By the end of this lesson you will be able to:
- Explain how roots elongate and increase in diameter via primary and secondary meristems.
- Identify the tissues in the root that originate from the root meristems and the cells into which they eventually mature.
- Distinguish between monocot and dicot roots.
- List the functions of the cells in plant roots.
Please read the OpenStax pages summarizing root biology. This resource reinforces several of the topics addressed below, so you may read it either before or after you complete this chapter. You don’t need to memorize the information there; use it to reinforce the content below.
The functions of roots include:
- Anchoring the plant in the soil (and stabilizing the soil).
- Supporting the upright growth of the plant.
- Providing a site for the symbiotic relationship of the plant with particular beneficial fungi and bacteria.
- Absorbing water and dissolved minerals from the soil.
- Storing nutrients like starch for subsequent use by the plant (tap roots and tuberous roots are examples of geophytes that store nutrients in roots).
Angiosperm (flowering) plants are often classified by whether they rely on a system an system. A plant doesn’t necessarily have only primary or just adventitious roots. One of these systems, however, will be dominant. Whether a root is considered primary or adventitious depends on whether the root traces back to the radicle (embryonic root) or arises from (normally underground) stem tissue.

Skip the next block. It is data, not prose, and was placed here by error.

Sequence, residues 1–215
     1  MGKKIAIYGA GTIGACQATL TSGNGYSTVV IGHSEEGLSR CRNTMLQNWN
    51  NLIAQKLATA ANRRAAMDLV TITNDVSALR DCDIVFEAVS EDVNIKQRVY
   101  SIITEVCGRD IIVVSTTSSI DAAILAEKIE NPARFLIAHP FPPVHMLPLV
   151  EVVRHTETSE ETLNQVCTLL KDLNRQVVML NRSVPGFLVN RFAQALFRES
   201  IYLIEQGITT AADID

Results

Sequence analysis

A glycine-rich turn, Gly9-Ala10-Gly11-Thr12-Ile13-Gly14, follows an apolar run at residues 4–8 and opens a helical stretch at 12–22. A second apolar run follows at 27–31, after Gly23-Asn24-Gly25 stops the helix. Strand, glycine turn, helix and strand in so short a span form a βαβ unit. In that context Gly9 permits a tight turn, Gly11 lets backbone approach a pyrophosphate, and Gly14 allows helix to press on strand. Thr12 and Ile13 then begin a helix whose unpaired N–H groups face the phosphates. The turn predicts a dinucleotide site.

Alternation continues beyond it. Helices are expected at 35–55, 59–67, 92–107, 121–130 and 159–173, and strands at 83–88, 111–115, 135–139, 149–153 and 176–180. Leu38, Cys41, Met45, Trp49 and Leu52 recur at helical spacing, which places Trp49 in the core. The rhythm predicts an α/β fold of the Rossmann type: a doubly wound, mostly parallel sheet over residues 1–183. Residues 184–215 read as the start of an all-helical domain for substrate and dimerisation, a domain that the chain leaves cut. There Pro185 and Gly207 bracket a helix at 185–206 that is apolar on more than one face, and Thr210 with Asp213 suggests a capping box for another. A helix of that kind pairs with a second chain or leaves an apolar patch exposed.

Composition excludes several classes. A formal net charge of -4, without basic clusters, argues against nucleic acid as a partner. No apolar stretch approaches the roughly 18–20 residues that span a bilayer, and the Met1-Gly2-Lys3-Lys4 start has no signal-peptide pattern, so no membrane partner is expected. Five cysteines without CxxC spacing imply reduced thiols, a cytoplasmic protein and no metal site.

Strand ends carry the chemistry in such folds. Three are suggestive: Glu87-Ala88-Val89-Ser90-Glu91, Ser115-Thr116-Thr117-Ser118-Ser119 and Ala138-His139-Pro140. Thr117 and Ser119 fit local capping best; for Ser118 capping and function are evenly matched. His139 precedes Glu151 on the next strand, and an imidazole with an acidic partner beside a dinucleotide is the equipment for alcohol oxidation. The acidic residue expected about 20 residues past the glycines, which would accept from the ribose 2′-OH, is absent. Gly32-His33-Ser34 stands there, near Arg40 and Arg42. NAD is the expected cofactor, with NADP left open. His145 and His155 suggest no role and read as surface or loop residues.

Tap root (or primary root) system
Tap or primary roots arise as a continuation of the embryonic radicle tissue and persist into maturity. (also called lateral roots) arise from the primary root, and tertiary roots arise from the secondary. This primary –> secondary –> tertiary root formation is the usual rooting system for dicots. Next time you see a dandelion or other weed that doesn’t look like a grass, yank it up and look at the root system. The main root you see (assuming that it didn’t break off when you pulled it up) is probably a tap root. The photo on the right, above, demonstrates this point. It shows a young taproot system with many secondary roots branching off the primary root.
Adventitious or fibrous root system